Strategic Planning

        A relevant mission statement acts as a framework for strategic planning. It provides guidance and parameters for making strategic decisions for the future of the company.

        Measuring Performance

        By having the company’s mission in a concrete form, it also allows for an objective measurement of how well the organization is meeting its stated goals at any one time.

        Management can identify strengths and weaknesses in the organization based on the criteria set forth in the mission statement and make decisions accordingly.

        Solidifying the Company’s Goals and Values for Employees

        Part of a well run organization is nurturing happy and productive employees.

        As humans, we all have an innate need for both purpose and to be part of something larger than ourselves. Providing employees with a clearly defined mission statement helps to define their role in the larger organization. Thus, fulfilling both of these needs.

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        Now I’m not saying that a mission statement can overcome low pay and poor working conditions, but with everything else being equal, it can contribute to a happier and more productive workforce.

        To Hold Management Accountable

        By creating a mission statement, a company is publicly stating its highest values and goals for the world to see. By doing so, you are inviting both the public and your employees to to scrutinize how well the company lives up to its ideals.

        So if you state that you only provide the highest quality products, and then offer something less, it’s fair for both the public and the employees to question, and even call for a change in management.

        If management doesn’t take the mission statement seriously, no one else will either; and the legitimate authority that management rely’s on will be diminished.

        To Serve as an Example

        This is the opposite side of the coin from the previous statement. If the highest levels of management are seen taking the mission statement seriously and actively managing within the framework of the statement, that attitude filters down throughout the organization.

        After all, a good employee knows what’s important to their boss and will take the steps necessary to curry favor with them.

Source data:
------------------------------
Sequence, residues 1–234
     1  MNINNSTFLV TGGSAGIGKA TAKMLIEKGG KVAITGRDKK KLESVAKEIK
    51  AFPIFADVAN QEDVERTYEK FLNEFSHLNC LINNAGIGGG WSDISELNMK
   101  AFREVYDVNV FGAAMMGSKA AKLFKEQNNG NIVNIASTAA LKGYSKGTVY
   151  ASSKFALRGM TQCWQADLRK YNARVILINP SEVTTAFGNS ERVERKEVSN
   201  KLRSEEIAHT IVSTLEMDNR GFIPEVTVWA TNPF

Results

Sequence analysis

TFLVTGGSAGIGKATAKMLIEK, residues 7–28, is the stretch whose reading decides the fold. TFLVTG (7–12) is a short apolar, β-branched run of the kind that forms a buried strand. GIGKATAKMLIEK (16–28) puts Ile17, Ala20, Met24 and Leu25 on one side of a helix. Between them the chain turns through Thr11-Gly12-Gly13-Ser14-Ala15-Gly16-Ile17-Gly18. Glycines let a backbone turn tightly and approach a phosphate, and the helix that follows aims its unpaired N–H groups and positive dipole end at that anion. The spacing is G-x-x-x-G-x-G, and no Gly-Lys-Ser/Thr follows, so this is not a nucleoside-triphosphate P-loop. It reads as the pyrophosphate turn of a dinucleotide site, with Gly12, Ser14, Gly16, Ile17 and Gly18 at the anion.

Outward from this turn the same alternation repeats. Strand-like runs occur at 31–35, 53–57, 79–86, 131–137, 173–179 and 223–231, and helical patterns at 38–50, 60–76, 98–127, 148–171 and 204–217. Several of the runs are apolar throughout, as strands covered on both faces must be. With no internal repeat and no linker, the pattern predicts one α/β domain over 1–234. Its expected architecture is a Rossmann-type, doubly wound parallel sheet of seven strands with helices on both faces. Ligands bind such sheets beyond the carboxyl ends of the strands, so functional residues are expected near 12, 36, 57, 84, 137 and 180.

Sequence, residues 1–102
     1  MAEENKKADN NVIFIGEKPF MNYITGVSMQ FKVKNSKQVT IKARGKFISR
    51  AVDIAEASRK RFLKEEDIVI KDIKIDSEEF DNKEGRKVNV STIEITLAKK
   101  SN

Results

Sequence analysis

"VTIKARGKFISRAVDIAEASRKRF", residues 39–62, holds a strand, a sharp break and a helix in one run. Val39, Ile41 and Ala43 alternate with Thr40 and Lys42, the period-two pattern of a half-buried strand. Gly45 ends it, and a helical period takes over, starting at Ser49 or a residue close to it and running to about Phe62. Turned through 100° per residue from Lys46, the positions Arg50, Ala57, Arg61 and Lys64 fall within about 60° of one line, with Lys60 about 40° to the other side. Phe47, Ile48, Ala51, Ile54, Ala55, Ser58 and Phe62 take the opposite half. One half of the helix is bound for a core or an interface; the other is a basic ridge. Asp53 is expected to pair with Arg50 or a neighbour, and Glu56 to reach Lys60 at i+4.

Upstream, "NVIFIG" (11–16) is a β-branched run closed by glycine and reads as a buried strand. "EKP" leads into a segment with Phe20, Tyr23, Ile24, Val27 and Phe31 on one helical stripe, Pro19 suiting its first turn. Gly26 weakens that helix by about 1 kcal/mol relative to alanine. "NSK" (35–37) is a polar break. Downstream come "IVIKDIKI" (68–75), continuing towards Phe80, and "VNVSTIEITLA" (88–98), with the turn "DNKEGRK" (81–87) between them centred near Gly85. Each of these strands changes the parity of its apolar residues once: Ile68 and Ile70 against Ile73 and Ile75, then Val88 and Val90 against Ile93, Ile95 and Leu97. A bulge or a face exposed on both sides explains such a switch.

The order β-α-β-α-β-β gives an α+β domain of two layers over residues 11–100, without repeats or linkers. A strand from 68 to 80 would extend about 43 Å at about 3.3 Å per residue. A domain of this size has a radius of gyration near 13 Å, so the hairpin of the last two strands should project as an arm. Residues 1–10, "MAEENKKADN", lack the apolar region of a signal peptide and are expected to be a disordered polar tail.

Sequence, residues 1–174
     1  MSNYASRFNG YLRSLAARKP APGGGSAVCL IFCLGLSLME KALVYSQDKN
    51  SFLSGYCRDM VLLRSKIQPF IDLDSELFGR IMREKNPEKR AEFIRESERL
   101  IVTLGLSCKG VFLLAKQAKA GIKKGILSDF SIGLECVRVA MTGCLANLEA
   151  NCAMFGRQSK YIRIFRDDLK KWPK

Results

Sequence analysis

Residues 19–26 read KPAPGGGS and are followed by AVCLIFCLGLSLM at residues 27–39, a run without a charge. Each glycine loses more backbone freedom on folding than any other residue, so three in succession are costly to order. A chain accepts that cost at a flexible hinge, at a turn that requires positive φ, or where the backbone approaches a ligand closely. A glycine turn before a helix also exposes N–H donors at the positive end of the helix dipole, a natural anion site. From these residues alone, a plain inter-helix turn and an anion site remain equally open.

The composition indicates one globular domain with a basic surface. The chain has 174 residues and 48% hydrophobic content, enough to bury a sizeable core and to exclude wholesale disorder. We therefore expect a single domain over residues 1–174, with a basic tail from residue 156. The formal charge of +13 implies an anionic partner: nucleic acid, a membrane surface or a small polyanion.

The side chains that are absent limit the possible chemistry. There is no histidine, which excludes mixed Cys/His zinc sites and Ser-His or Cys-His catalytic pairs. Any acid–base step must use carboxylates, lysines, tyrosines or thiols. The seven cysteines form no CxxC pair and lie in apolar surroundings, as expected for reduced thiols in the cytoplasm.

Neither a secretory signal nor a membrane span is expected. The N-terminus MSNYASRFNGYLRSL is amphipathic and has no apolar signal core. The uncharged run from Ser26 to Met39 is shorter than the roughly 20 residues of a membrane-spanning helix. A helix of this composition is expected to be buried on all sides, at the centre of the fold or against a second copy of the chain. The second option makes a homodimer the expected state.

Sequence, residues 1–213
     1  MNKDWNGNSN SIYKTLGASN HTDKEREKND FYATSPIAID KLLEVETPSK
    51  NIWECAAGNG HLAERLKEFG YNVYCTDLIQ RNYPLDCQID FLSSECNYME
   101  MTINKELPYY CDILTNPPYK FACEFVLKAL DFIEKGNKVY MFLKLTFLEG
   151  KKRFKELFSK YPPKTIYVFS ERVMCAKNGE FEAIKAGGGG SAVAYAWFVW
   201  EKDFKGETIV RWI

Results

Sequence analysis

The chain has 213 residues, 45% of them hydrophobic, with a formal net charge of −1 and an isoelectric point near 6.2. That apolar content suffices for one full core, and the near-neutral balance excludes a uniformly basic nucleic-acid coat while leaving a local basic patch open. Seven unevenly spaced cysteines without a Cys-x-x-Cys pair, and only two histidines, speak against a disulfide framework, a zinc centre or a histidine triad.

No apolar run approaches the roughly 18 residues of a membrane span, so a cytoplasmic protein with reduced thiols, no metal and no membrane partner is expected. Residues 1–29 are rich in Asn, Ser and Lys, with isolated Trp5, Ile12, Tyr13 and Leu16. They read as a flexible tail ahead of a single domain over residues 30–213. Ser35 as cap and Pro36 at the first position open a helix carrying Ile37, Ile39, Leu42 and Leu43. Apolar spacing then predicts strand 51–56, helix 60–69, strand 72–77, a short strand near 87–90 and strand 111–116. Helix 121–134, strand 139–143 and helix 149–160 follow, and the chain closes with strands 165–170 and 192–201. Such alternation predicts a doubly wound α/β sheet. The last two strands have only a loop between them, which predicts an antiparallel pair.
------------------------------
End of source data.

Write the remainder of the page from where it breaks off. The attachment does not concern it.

Finally, use the company’s mission statement as a way to define roles within the company. You can do this by giving each division in the company a copy of the mission statement and challenge the head of each division to create a mission statement for their respective departments.

        Their individual mission statements should focus on how each department fits in and ultimately contributes to the success of the company’s overall mission statement. This serves as both a clarifying and a team building exercise for all parts of the organization.

        Final Thoughts

        Developing a mission statement is too often just an after-thought, especially for entrepreneurs. We tend to prioritize things that we perceive will give us the biggest “bang for our buck.”

        Somehow, taking the time and effort to sit down and think seriously about the what, whom, how and value of our business seems like a waste of time. After all, we got in the business to make money and become successful, isn’t that all we need to know?

        That mindset will probably get you started okay, but if you find yourself having any success at all, you’ll find that there really is such a thing as growing pains.

        By putting in the time and effort to create a mission statement, you are laying the groundwork that will give you a path to follow in your growth. And isn’t building long term success what we are really after?

        More Resources About Achieving Business Success

        Featured photo credit: Fab Lentz via unsplash.com

        Reference

        [1] Southwest Airlines: About Page
        [2] Fit Small Business: 10 Vision Statement Examples To Spark Your Imagination